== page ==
Female sex drugs need better safety tracking

Happy 10th Birthday, Viagra. You, Cialis and Levitra are a boon to many, but certainly not all men. Move over, boys! The race is on for female equivalents. The bucks are flowing in Big Pharma R&D departments to win FDA approval for assorted pills, patches and gels that will ''cure'' women's sexual problems. Pharmaceutical PR money is also being spent prematurely to position newspaper and internet stories about these drugs before they're even approved! It is not reassuring to read quotes from the doctors directing this research already boasting about the $3 billion profit potential. Big Pharma critics, which include many authoritative physicians as well as consumer advocates, charge the industry with ''disease mongering,'' the fabrication of dubious medical diagnoses for many ''quality of life'' health concerns. Filling a prescription for real diseases and pathologies is a whole different decision-making process.

It is timely and prudent to set up a national registry for monitoring this new class of medicines for women. It is imperative to prevent the mistakes of the past that have resulted from quality of life medicines that caused grave adverse drug reactions. We are all witnessing a litany of blockbuster drugs now linked to such reactions, Vytorin, Vioxx, antidepressants, hormone replacement drugs, to name a few. At present, we have an impotent post-surveillance marketing system at the FDA that fails consumers miserably. Additionally, Consumers Union just published the results of a survey that found that only 35 percent of survey participants were even aware that they could report negative side effects to the FDA. That organization is now calling for inclusion of the FDA's Medwatch Web site in all pharmaceutical marketing.

I call for the bold and exemplary creation of a drug registry system for the entire class of new sexual medicines for women to be set into motion before the first one gains FDA approval. Any woman being prescribed these sexual drugs should have full and detailed disclosure about their claimed benefits and all potential risks. An Internet-based registry system would allow users to register themselves (voluntarily, of course). The homepage of the system's Web site would post regular public updates on the products and send news alerts to registry users. This registry's Web site and toll-free telephone number would be printed in all of the company's marketing materials, on every Rx label and in the pharmacy patient information pamphlets. Users could volunteer to complete questionnaires periodically that would ask them follow-up questions on effectiveness and safety of the products they use.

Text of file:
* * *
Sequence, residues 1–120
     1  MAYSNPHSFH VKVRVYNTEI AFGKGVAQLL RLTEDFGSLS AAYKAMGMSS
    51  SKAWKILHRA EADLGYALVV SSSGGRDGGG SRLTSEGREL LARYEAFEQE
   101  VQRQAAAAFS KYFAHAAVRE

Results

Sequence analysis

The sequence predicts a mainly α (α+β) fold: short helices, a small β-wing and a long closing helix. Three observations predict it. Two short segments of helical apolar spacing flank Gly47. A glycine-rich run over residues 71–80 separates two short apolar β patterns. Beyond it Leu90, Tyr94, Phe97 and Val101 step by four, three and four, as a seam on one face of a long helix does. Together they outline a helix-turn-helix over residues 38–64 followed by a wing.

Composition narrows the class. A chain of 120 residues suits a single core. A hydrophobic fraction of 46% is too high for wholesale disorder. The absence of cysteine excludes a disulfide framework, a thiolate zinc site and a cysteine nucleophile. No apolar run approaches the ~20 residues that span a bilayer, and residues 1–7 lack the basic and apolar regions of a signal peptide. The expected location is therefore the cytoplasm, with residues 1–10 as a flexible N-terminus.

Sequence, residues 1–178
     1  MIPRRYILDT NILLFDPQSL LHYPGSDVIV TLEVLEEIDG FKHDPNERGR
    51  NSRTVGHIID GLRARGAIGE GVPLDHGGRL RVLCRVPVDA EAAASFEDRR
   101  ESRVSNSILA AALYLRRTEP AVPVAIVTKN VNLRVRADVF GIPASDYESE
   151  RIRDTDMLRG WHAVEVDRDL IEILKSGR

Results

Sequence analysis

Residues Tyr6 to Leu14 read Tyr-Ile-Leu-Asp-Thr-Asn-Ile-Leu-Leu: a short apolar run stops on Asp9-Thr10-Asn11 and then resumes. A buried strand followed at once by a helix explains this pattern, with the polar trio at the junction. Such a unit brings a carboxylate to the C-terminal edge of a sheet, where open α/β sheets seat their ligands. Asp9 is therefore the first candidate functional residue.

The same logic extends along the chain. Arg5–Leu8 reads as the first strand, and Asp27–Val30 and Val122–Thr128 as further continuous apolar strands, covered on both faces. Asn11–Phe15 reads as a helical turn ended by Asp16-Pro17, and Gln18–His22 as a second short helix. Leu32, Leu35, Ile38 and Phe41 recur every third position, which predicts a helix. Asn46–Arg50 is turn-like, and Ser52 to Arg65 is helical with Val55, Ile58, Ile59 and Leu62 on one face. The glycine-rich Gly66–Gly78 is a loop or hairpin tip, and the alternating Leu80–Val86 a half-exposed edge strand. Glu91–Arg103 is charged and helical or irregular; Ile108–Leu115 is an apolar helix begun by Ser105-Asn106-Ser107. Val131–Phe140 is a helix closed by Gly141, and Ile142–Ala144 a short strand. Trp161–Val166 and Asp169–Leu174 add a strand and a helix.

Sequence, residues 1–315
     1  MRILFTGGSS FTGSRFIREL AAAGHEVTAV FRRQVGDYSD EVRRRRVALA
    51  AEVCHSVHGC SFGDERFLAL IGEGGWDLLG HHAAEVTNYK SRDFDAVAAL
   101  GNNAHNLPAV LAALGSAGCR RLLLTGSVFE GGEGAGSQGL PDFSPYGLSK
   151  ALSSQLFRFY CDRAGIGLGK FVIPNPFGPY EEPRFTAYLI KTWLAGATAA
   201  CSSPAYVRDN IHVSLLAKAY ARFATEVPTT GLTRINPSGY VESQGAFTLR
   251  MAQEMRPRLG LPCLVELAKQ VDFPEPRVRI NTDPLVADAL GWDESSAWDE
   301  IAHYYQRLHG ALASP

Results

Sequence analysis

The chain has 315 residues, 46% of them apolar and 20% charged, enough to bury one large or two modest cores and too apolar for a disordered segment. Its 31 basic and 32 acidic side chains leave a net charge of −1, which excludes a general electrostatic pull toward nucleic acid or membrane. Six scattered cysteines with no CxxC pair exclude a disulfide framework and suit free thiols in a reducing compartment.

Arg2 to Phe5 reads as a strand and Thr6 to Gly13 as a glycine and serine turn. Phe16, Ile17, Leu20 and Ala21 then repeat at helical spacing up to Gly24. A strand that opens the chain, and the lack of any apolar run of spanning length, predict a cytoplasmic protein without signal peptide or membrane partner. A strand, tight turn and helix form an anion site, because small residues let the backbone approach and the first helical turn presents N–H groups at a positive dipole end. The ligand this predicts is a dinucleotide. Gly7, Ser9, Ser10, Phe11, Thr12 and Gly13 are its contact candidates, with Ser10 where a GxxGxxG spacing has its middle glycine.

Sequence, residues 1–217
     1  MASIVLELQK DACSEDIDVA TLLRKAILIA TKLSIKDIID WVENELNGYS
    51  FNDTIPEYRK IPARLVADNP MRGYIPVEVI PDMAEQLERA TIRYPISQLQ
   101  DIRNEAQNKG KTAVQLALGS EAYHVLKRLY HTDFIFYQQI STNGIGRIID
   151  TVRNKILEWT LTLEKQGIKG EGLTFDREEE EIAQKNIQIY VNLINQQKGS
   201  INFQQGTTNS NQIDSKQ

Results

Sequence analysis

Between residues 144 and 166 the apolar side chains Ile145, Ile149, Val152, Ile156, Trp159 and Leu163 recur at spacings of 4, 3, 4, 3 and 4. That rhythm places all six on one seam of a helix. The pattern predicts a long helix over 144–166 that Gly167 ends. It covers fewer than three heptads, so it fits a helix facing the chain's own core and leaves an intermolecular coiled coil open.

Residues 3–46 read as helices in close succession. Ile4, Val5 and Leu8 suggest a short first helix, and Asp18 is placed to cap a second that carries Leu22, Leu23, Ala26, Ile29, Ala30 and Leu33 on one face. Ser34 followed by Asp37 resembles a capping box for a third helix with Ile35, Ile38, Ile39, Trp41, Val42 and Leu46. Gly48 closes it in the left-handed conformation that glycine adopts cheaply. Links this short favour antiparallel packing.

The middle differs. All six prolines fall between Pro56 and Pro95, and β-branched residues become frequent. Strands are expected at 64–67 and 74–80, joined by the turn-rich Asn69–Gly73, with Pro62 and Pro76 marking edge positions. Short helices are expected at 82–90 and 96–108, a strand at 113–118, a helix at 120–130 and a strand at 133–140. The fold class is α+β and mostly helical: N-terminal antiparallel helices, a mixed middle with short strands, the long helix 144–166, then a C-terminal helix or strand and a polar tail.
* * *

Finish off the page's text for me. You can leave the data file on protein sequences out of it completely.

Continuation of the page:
In 2004, Proctor & Gamble sought FDA approval for Intrinsa, the testosterone patch for boosting womens' sexual desire. In a surprising twist not seen often enough at the FDA, its advisory panel of experts rejected Intrinsa on the grounds that there was not sufficient safety data. Subjects in clinical trials for drugs like Intrinsa actually take the drug for less than one year. The next kid on the blockbuster trail is LibiGel, a testosterone gel that gets rubbed into the skin. It's now in clinical trials and is predicted to come before the FDA for approval within the next two years. Many other products are close behind.

Finally, this sexual medicine registry must be adequately funded and be operated independently of either the pharmaceutical industry or the FDA. A student of mine who now works for Genentech has just advised me about a socially responsible, ethically-motivated registry system that Genentech and some other biotech and pharmaceutical companies have adopted for tracking patients trying certain drugs for serious diseases. Registry models like Genentech's exist.

If Big Pharma wants to regain some confidence from the public, they can hardly object to this consumer protection innovation. We have seen women in the past blindly following doctors' orders to take DES, Fen-Phen, the high-dose birth control, the Dalkon Shield, hormone replacement, etc., with little or no safety data to inform their decisions. We can learn from these mistakes. A consumer registry would be a step in the right direction.

By : Karen M. Hicks
Source : www.mcall.com

1 التعليقات:

Anonymous,  15 December 2008 at 04:45  

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